Springfield, MO

12 People You Need to Know in 2017: Mark Steiner

Posted online

If not for a musical, Mark Steiner would be in food.

Steiner had planned on pursuing culinary arts after high school, until he appeared in a production of “How to Succeed in Business Without Really Trying.” Steiner dropped fancy food for acting, eventually combining both to co-found GigSalad.

The New Jersey native moved to New York City to chase his dream. But he had no interest in playing the starving artist, and he interviewed for an au pair job on New York’s tony Upper East Side. He didn’t get it, but his mother worked in movies and got Steiner his first gig.

Then the guy in charge of craft food service on “When Harry Met Sally” got fired, and Steiner took over. The “pizzazz” he showed led to more work, and he formed Steiner Craft Service.

The big break, however, eluded him. In hindsight, Steiner says he should have worked the waiter circuit while auditioning.

“I was looking to be discovered, because I was such a dashing young man with such great talent. None of those is true,” he says. “I did not become the Brad Pitt of New Jersey.”

Facing burn out, the now-married Steiner moved in 1994 with wife Allison, a Springfield native, to plant a church in Milford, Conn. eventually.

Steiner needed work. A friend with an agency offered him a job booking the Glenn Miller Orchestra. He stayed six years before launching his own outfit, Steiner Talent. In 2004, Steiner and his family relocated to the Ozarks.

Over the years, many performers called looking for help, and Steiner always offered free advice, because he remembered what it was like seeking the next gig. Eventually, event planners were contacting him, too.

“I just had years of relationships established,” Steiner says. “I was spending a whole lot of time trying to help people, and I was not monetizing it. I thought, there’s got to be a way to bring these two things together.”

Working with longtime friend and graphic designer Steve Tetrault, the duo dreamed up GigSalad, an online marketplace where service providers from actors to florists to limo drivers meet up with event planners across 600 categories. GigSalad officially launched in 2007 with its headquarters in Springfield and another office in Wilmington, N.C. Each month, 2,500 new members join.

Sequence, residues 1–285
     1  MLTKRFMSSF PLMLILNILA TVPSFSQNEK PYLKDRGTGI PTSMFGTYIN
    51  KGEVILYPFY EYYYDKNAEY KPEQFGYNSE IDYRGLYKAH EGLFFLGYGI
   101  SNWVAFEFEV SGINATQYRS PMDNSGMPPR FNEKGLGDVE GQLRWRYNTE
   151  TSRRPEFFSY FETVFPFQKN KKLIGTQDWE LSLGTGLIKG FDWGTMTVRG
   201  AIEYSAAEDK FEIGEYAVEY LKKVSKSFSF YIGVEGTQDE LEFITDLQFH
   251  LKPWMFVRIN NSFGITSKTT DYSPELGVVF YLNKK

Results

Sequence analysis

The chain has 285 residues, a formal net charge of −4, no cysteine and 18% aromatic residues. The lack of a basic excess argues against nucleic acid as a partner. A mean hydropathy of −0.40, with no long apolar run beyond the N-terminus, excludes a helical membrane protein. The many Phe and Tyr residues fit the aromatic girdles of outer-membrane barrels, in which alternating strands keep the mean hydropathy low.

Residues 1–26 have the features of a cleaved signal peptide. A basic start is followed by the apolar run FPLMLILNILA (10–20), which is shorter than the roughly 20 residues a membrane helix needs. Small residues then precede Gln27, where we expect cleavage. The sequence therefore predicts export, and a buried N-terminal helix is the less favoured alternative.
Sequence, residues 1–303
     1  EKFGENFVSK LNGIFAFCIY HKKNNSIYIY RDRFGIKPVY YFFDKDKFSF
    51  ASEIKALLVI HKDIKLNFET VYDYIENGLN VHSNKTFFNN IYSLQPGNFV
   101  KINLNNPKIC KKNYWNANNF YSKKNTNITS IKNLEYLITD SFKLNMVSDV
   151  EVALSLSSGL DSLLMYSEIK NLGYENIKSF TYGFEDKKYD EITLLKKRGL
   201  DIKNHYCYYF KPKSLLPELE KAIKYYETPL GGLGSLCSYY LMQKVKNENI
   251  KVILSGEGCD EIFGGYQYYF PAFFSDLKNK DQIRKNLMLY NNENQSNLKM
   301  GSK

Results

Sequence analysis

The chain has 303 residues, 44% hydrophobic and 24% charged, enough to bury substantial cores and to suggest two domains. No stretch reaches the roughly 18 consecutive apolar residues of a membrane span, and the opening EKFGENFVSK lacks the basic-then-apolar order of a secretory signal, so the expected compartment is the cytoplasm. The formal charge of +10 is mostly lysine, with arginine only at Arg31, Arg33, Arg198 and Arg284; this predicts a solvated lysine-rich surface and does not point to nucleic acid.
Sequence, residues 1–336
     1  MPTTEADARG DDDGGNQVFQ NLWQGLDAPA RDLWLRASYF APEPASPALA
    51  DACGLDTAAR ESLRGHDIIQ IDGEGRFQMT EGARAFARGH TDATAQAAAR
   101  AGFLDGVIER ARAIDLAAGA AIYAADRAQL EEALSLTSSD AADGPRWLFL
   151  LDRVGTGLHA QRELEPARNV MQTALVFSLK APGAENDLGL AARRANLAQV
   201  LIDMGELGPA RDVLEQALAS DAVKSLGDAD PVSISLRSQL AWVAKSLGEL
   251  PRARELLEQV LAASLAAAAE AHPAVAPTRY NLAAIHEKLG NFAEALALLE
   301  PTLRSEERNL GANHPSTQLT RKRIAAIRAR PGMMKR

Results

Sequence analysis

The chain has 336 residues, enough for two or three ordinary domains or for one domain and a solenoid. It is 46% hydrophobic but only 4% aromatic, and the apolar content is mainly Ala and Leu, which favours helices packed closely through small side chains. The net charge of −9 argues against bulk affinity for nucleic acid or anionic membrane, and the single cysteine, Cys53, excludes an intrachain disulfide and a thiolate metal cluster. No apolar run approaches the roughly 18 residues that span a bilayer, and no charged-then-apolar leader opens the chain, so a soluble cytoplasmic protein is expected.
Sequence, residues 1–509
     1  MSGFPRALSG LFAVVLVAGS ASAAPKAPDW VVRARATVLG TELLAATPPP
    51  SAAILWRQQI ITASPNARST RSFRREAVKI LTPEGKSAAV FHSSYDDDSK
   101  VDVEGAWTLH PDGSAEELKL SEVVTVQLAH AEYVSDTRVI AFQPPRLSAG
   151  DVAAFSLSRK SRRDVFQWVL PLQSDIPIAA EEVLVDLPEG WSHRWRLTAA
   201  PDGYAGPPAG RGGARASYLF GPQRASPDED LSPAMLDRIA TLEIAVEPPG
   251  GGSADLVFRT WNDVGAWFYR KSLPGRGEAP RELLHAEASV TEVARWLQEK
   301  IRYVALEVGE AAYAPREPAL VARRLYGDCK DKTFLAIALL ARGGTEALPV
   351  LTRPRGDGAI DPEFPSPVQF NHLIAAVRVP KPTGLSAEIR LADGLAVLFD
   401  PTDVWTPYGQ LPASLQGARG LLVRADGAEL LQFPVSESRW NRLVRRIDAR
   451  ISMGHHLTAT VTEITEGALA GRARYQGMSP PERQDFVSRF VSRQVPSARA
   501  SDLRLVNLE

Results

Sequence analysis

Steiner is happy GigSalad has made the Inc. 5000 list twice, but he’d be happier with an Inc. 500 spot. His goal: a $100 million company.

“I’m the dreamer,” he says. “I’m the footloose, fancy-free guy. That’s where I live.”

It hasn’t been an easy place to inhabit. Steiner admits to a lifelong search for acceptance, one reason becoming rich and famous held so much appeal. Decades later, he now realizes he’s rich in ways that have nothing to do with money.

“I could die today and be really satisfied. And I haven’t made millions. I’m still not rich,” he says. “But how much better does it get?”

Even so, the performer lingers somewhere.

“I’m still very much a showman. I’m still a bigger-than-life kind of guy. I couldn’t shake that,” he says.


No comments on this story |
Please log in to add your comment
Editors' Pick

Crossroads in Republic ripe for industrial park

Two buildings in a budding Republic industrial park just might be the welcome mat officials need.

Most Read
SBJ Live logo
Training Bootcamp: Training Needs Assessment

All workplace problems have root causes. When will training be the solution? Sherry Coker, OTC Center for Workforce Development business development director, provides you the framework of a training needs assessment, which will uncover the root causes of a workplace problem and help you determine if training is the solution. A download is available at with a complete outline for an effective training needs assessment. This is sponsored content. Duration: 2:29

Don’t Micro-Manage Are you guilty of micromanaging your employees? “If we’re going to require them to be that educated when they come to work for us, should we not let them do their job? They should know so much …
Seek Wisdom from Many “My whole life goal is to change the world, one connection at a time,” says Keisha Mabry. Mabry, who is an author, speaker, and social entrepreneur, says she had a “quarter-life crisis” and …
DNA Uncovers Best Version of You A simple swab of the inside of your cheek can lead to optimizing your nutrition and fitness program, personal medication profile, in addition to your ancestry. According to Austin O’Reilly, owner …
Booked - Go Back to the Basics “You’ve gotta go back to the basics,” says Larry Peterson, Executive Director, Habitat for Humanity of Springfield Missouri. Peterson says he gains leadership advice from General Ulysses S. …